"In a program of this complexity, it's just a fact of life that there are going to be things that will surprise us going forward," Richardson said, speaking at a conference in Pentagon City, VA.

A program of Columbia's importance and size "requires, perhaps, some increased oversight so that we're not making mistakes and eating into a program that has very thin margins already," he added.

The Columbia-class submarine is the Navy's largest and most important acquisition program.

Courtney Albon | September 5, 2018 at 9:50 AM

The Federal Aviation Administration has approved a key certification required to begin deliveries of the new KC-46 tanker, Boeing announced this week.

Supplemental type certification, which validates the tanker's design, was one of two remaining certifications needed for the company to begin delivering the KC-46 to the Air Force. The program expects deliveries to begin in October.

Boeing's KC-46 Program Manager Mike Gibbons said in a Sept. 4 press release the milestone is "one of the last major hurdles in advance of first delivery."

The last required certification will confirm airworthiness and will come from the Air Force. A service spokesman told Inside Defense in August the Air Force expects to award the military type certification this month.

Marjorie Censer | September 5, 2018 at 8:58 AM

General Atomics Electromagnetic Systems said this week it has hired retired Army Lt. Gen. Sean MacFarland to serve as vice president of weapons program strategic development.

MacFarland was deputy commanding general and chief of staff for Army Training and Doctrine Command.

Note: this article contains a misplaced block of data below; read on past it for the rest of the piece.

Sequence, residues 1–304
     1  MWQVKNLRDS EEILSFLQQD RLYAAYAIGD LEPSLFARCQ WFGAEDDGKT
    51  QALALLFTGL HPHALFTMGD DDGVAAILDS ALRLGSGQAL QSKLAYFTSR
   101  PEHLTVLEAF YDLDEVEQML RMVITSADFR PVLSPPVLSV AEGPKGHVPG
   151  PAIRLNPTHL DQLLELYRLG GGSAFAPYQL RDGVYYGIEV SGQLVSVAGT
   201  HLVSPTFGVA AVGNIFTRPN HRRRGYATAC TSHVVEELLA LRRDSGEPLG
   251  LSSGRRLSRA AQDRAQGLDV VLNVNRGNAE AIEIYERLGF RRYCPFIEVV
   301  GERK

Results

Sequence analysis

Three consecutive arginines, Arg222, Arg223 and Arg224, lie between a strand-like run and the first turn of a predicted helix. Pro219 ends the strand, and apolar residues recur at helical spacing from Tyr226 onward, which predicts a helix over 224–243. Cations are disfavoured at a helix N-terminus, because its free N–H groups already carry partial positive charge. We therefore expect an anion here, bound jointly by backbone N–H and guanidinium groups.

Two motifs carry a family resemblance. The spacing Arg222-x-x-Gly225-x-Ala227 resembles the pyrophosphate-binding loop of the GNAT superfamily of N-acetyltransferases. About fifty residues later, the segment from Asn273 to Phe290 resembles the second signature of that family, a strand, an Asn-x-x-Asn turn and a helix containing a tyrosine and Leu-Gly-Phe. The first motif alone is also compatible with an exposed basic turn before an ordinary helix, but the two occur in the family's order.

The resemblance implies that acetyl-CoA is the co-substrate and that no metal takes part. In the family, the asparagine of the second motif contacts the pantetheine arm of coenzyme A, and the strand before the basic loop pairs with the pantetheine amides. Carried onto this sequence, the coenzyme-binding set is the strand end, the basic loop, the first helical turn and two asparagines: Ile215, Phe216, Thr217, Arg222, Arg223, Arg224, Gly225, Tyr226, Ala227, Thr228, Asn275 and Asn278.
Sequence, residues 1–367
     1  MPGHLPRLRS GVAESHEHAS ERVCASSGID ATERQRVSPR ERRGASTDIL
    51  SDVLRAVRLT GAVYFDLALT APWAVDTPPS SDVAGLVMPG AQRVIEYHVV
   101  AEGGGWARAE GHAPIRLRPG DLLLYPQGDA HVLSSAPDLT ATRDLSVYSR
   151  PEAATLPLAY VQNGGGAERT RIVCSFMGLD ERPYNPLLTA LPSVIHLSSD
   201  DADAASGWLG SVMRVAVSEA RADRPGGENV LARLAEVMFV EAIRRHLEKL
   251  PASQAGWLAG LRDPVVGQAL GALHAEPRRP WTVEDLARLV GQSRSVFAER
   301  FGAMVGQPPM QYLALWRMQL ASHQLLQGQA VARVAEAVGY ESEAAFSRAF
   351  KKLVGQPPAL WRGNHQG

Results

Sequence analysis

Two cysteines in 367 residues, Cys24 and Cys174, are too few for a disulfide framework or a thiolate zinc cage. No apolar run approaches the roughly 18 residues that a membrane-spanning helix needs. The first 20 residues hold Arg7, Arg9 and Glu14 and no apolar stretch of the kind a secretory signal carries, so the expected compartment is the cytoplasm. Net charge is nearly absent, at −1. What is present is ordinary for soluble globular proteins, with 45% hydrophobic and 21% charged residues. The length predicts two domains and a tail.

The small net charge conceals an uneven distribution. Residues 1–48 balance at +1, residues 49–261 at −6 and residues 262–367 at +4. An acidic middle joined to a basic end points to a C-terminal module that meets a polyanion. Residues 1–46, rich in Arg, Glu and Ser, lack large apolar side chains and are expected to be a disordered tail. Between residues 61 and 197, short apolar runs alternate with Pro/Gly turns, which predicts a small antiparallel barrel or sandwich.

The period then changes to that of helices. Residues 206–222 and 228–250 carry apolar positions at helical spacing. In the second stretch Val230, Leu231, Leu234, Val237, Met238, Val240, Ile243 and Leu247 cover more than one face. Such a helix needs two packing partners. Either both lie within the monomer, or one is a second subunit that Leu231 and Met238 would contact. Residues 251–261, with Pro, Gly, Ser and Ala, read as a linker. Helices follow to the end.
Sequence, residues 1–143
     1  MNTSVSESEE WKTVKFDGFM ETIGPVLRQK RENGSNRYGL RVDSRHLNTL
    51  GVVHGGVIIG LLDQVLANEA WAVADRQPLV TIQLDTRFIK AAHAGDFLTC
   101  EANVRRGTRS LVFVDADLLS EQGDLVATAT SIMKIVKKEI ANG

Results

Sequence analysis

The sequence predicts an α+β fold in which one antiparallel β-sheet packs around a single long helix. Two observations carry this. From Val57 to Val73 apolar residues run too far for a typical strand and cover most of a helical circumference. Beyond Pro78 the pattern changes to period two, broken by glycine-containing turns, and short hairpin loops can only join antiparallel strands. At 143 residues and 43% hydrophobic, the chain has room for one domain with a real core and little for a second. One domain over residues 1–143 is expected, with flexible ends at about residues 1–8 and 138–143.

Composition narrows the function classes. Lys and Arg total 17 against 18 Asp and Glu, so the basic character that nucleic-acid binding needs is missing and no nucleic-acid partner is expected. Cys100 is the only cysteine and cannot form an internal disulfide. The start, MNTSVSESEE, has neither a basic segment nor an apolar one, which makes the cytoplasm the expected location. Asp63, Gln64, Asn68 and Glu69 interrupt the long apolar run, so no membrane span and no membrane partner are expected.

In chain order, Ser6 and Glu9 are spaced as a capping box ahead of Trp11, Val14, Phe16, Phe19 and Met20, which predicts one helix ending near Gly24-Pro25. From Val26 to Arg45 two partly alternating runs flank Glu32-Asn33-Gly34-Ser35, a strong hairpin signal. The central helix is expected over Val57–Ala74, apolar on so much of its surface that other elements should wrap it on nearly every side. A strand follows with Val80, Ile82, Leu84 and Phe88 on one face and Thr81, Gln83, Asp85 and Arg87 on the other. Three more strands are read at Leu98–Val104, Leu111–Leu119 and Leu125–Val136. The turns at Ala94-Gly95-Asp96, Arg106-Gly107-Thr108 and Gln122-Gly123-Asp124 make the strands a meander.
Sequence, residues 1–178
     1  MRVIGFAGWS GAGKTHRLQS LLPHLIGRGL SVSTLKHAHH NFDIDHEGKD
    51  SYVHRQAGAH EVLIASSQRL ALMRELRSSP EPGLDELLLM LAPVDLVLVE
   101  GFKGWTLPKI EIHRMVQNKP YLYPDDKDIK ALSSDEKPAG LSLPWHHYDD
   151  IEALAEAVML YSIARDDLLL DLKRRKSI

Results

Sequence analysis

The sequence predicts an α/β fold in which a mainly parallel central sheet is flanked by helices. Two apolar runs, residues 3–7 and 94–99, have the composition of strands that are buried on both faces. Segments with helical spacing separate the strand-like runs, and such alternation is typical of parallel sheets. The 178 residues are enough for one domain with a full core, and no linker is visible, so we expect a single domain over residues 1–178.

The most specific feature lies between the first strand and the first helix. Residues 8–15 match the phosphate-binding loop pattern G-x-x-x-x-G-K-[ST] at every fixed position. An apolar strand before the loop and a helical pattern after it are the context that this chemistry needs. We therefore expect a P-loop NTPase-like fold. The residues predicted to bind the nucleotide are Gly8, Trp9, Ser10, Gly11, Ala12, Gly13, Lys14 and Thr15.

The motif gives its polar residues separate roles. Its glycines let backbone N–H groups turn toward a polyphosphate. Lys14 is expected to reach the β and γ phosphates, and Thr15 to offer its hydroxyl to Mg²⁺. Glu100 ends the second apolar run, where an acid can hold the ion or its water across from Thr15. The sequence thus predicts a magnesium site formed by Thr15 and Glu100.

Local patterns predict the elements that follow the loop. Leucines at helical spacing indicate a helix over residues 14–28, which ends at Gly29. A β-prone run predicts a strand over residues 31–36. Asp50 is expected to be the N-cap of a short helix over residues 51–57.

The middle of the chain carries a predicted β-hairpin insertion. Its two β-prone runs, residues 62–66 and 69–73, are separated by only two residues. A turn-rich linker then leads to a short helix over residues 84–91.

General Atomics said MacFarland will initially work from the company's Washington office, but early next year will relocate to the business' headquarters in San Diego.

Marjorie Censer | September 5, 2018 at 8:56 AM

Cubic said this week it has named Michael Knowles president of Cubic Global Defense, effective Oct. 1.

He will succeed Dave Buss, who will become a senior advisor focused on corporate strategy and growth within the company's defense work.

Knowles previously was general manager of the defense business' air ranges unit. Jonas Furukrona has been named general manager of this business unit, also effective Oct. 1.

Knowles has also been an executive at Rockwell Collins and Lockheed Martin.

Furukrona previously served as director of the air ranges business in Europe, Canada and Australia. He joined Cubic from Rockwell Collins.

Justin Doubleday | September 4, 2018 at 5:38 PM

The Pentagon is again signaling the release of the long-awaited Missile Defense Review is imminent.

John Rood, under secretary of defense for policy, said the review would be out in "the next few weeks" during a Missile Defense Advocacy Alliance event on Capitol Hill today.

"I'm very desirous of pushing it out as soon as we can," Rood said. "Hopefully, we'll get through the final hurdles in the department to do that very soon."

Pentagon officials originally said the MDR would follow on the heels of the Nuclear Posture Review released on Feb. 2, since the two policy documents are supposed to be tightly linked. U.S. Strategic Command chief Gen. John Hyten has argued the two reviews should be combined.